Tingling hands, feet, or both is an extremely common and bothersome symptom. Such tingling can sometimes be benign and temporary. For example, it could result from pressure on nerves when your arm is crooked under your head as you fall asleep. Or it could be from pressure on nerves when you cross your legs too long. In either case, the \”pins and needles\” effect — which is usually painless — is soon relieved by removing the pressure that caused it. In many cases, however, tingling in the hands, feet, or both can be severe, episodic, or chronic. It also can accompany other symptoms. such as pain, numbness, and muscle wasting. In such cases, tingling may be a sign of, which can result from causes as varied as traumatic injuries or repetitive stress injuries, bacterial or, toxic exposures, and systemic diseases such as.
Such is known as because it affects nerves distant from the and spinal cord, often in the hands and feet. There are more than 100 different types of peripheral neuropathy. Over time, peripheral neuropathy can worsen, resulting in decreased mobility and even disability. More than 20 million Americans, most of them older adults, are estimated to have peripheral neuropathy. It\’s important to seek prompt medical evaluation for any persistent tingling in your hands, feet, or both. The earlier the underlying cause of your tingling is identified and brought under control, the less likely you are to suffer potentially lifelong consequences. is one of the most common causes of peripheral neuropathy, accounting for about 30% of cases.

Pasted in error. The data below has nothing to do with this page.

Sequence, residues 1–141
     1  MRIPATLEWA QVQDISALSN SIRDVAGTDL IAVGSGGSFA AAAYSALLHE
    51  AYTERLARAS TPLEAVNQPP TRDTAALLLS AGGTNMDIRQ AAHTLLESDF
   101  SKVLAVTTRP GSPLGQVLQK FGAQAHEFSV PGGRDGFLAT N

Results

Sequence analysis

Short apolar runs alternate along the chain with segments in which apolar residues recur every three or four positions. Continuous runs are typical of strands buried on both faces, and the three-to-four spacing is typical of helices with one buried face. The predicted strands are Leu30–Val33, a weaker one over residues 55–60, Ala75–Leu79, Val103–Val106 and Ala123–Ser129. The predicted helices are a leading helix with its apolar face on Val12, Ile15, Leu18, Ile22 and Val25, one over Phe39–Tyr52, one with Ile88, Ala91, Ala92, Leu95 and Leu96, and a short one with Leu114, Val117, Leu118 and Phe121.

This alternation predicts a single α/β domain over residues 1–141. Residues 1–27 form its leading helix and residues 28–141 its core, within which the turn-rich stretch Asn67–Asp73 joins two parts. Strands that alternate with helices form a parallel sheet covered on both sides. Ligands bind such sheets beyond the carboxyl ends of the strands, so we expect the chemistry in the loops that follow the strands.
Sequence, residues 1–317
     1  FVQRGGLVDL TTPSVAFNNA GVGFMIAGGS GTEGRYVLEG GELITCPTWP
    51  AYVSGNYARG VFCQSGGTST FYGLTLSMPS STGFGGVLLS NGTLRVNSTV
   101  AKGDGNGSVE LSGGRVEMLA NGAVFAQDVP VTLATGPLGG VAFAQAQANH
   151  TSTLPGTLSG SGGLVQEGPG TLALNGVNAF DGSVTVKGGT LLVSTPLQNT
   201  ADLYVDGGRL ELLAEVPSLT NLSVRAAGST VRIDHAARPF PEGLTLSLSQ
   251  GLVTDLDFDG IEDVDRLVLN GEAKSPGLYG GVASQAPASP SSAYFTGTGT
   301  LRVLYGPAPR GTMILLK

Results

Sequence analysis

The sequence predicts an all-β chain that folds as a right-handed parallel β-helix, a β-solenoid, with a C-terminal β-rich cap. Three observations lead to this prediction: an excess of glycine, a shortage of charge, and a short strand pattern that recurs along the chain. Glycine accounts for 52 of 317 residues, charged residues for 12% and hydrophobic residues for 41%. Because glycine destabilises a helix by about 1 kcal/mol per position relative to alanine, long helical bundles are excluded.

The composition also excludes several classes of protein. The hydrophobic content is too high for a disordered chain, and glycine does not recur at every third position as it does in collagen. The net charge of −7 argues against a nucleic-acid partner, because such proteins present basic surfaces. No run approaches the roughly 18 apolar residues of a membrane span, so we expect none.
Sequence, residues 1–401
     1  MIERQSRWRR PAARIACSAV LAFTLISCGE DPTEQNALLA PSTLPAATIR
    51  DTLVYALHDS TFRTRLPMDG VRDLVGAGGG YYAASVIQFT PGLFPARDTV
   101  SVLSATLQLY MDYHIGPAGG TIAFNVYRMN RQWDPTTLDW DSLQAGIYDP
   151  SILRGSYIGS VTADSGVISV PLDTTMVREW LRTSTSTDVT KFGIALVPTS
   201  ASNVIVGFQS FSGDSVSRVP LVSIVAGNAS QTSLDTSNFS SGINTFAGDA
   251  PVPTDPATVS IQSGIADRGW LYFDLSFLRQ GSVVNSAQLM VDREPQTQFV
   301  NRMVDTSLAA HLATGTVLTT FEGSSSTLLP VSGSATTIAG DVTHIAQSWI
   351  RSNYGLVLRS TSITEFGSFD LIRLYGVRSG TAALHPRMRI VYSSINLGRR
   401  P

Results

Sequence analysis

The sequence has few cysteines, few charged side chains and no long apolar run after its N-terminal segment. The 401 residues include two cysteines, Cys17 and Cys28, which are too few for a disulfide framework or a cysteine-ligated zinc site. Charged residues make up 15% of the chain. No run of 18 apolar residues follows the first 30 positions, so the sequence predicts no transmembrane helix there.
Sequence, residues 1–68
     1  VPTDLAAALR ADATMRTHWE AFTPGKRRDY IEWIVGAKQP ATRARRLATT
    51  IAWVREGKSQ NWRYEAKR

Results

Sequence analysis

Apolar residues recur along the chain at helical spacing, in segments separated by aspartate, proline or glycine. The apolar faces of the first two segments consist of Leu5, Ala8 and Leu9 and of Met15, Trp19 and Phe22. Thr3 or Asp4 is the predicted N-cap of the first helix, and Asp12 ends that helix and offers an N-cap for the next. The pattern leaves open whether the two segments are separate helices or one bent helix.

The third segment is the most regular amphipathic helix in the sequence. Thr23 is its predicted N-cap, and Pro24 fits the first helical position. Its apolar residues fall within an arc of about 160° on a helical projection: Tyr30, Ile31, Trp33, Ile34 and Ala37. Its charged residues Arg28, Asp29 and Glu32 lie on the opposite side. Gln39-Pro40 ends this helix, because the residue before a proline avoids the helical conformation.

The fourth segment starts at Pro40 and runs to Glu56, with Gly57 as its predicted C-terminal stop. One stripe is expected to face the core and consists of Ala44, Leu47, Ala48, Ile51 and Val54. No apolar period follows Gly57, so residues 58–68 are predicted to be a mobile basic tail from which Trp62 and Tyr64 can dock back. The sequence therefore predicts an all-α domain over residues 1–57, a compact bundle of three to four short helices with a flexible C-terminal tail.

In, tingling and other symptoms often first develop in both feet and go up the legs, followed by tingling and other symptoms that affect both hands and go up the arms. About two-thirds of people with diabetes have mild to severe forms of. In many cases, these symptoms are the first.
Jenna had been coloring for almost 25 minutes, sitting with one leg tucked under her. When the bell rang, she jumped up and her leg felt funny. It was asleep! If this has happened to you, you know that for a short while you might have lost feeling in your foot, it might have felt heavy, or you might have felt \”pins and needles. \” But why would your foot fall asleep?
Many people say this is because you\’ve cut off the blood supply to your foot, but your nerves are more to blame. Nerves are like tiny threads or wires that run through your whole body, and they carry messages back and forth between your and body. When you sit on your foot, you temporarily compress, or squash, the nerves in that area. These nerves can\’t send messages back to the brain normally, and so for the moment, the connection is cut off and you don\’t feel anything. It\’s kind of like a phone call where your friend hangs up and you haven\’t yet: Your brain is saying \”hello,\” but your foot isn\’t able to answer.
After you stand up or uncross your legs and the nerves are no longer compressed, the feeling in your foot soon comes back. It might feel a bit tingly as this happens, like pins and needles or even a bit painful. But it only lasts a few seconds as the connection returns to normal, and it won\’t hurt your body. Worried about your sleepy feet? You don\’t need to be everyone has a foot fall asleep once in a while, and it\’s rare for it to mean there is something wrong in a kid\’s body. If you want to keep your feet awake and kicking, don\’t sit on them or put them in other positions where you\’re squashing the nerves.